A typical bracha starts (or ends) ברוך אתה ה hich seems to be an individual praise, as you are individually acknowledging that He is your (personal) G-d (As I understand, אדוני means my Lord). Then, after that, we say אלוקינו meaning our G-d.

Why is there a change in language from addressing G-d individually to mentioning G-d in a group (plural) format?

  • 1
    Same by Shema Yisrael Commented Jun 15, 2015 at 14:57
  • related judaism.stackexchange.com/q/17010/759
    – Double AA
    Commented Jun 15, 2015 at 16:03
  • 3
    I don't see anything about being your personal G-d. You are merely pronouncing Hashem's name.
    – HaLeiVi
    Commented Jun 15, 2015 at 19:07
  • @HaLeiVi has a good point - the "proper" method would have us pronouncing YHVH rather than the "personal" stand-in. Neither here nor the Shema are really a question along those lines. What IS interesting is why they chose that SPECIFIC kinui to use instead of YHVH, rather than something like "HaMakom." Commented Jul 16, 2015 at 16:31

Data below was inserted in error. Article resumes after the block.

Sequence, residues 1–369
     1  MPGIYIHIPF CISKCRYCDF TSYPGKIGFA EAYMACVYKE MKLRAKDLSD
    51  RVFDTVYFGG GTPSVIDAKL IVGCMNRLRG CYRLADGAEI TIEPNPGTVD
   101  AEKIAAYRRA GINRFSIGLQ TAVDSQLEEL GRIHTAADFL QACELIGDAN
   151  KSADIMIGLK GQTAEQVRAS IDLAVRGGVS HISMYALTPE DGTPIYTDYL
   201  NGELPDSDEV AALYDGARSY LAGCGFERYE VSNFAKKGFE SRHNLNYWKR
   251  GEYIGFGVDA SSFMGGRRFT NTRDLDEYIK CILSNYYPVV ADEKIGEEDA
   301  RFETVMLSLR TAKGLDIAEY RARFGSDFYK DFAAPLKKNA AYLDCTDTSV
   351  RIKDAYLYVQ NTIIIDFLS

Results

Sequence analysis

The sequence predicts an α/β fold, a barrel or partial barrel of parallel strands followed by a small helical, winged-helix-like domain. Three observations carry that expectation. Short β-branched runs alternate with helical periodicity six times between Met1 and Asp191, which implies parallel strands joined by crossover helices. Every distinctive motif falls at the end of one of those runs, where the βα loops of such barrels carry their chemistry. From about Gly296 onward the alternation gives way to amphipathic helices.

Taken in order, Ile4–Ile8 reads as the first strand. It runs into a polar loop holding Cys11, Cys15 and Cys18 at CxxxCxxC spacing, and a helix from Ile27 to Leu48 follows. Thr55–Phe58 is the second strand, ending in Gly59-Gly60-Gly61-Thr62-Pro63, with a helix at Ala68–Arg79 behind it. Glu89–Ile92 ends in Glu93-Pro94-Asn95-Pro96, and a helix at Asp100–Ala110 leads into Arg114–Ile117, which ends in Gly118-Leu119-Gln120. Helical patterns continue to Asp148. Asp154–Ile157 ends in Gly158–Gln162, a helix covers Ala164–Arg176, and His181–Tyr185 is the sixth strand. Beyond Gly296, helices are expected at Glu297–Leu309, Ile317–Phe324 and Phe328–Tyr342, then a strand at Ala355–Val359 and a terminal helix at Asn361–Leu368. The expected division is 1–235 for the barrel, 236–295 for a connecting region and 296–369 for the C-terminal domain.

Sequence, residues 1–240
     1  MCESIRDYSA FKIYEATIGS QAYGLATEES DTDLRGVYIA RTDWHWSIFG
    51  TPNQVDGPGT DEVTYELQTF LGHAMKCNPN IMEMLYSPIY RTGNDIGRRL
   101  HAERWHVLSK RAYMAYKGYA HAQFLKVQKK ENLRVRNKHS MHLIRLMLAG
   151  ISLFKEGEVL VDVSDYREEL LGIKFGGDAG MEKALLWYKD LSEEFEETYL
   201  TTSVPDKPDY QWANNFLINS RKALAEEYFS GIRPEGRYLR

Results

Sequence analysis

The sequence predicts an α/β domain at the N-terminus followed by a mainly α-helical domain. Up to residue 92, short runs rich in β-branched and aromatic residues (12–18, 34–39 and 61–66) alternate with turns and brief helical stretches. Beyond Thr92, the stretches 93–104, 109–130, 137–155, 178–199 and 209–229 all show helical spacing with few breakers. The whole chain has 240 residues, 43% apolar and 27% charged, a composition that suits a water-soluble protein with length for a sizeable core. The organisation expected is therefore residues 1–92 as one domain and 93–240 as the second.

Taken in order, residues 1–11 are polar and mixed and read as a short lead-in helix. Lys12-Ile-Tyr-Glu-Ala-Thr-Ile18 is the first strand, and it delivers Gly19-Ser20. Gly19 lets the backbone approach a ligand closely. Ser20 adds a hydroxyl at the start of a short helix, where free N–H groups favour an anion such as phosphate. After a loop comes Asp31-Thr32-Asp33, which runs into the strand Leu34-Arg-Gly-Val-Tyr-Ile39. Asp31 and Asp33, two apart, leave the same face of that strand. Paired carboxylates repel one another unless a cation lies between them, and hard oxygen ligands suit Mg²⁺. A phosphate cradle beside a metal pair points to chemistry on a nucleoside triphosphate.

• The ibn Ezra, in Shemos I think, explains that a name doesn't have a suffix. You don't say ראובנים. Since this is a name of Hashem, personal connotation doesn't apply.
    – HaLeiVi
    Commented Jul 16, 2015 at 20:28

1 Answer 1


This answer is my own thoughts, although I would not be surprised if this is mentioned elsewhere.

When we make a Bracha we are building up. First we mention Hashem, then we say אלוקינו - which indicates the God of the Jews, then we say Melech Haolam - which indicates the king of the entire world.

  • But why do we do that? I think that's the question.
    – Daniel
    Commented Jul 16, 2015 at 14:29
  • If it would be going in that order it would be Malkeinu and then Elokim. A god is more than a king.
    – HaLeiVi
    Commented Jul 16, 2015 at 20:22

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